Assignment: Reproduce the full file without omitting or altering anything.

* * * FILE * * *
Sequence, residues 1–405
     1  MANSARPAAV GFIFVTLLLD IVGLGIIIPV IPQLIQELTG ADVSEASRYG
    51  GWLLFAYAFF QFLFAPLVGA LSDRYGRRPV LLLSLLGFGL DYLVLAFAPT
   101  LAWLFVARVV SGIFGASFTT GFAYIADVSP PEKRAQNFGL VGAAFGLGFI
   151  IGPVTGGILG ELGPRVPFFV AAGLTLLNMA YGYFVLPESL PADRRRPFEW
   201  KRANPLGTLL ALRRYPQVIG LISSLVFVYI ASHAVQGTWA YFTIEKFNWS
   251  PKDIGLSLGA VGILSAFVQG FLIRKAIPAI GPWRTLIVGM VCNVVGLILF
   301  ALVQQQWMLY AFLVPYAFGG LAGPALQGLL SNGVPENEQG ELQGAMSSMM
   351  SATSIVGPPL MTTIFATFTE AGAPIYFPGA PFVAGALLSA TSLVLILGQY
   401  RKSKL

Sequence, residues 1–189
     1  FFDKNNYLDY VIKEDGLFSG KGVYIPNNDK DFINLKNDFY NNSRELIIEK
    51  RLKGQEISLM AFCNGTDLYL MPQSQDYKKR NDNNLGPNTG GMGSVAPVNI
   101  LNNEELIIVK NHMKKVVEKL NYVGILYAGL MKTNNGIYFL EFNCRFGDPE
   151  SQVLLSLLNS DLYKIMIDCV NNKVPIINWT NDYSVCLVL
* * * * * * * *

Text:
Sequence, residues 1–405
     1  MANSARPAAV GFIFVTLLLD IVGLGIIIPV IPQLIQELTG ADVSEASRYG
    51  GWLLFAYAFF QFLFAPLVGA LSDRYGRRPV LLLSLLGFGL DYLVLAFAPT
   101  LAWLFVARVV SGIFGASFTT GFAYIADVSP PEKRAQNFGL VGAAFGLGFI
   151  IGPVTGGILG ELGPRVPFFV AAGLTLLNMA YGYFVLPESL PADRRRPFEW
   201  KRANPLGTLL ALRRYPQVIG LISSLVFVYI ASHAVQGTWA YFTIEKFNWS
   251  PKDIGLSLGA VGILSAFVQG FLIRKAIPAI GPWRTLIVGM VCNVVGLILF
   301  ALVQQQWMLY AFLVPYAFGG LAGPALQGLL SNGVPENEQG ELQGAMSSMM
   351  SATSIVGPPL MTTIFATFTE AGAPIYFPGA PFVAGALLSA TSLVLILGQY
   401  RKSKL

Sequence, residues 1–189
     1  FFDKNNYLDY VIKEDGLFSG KGVYIPNNDK DFINLKNDFY NNSRELIIEK
    51  RLKGQEISLM AFCNGTDLYL MPQSQDYKKR NDNNLGPNTG GMGSVAPVNI
   101  LNNEELIIVK NHMKKVVEKL NYVGILYAGL MKTNNGIYFL EFNCRFGDPE
   151  SQVLLSLLNS DLYKIMIDCV NNKVPIINWT NDYSVCLVL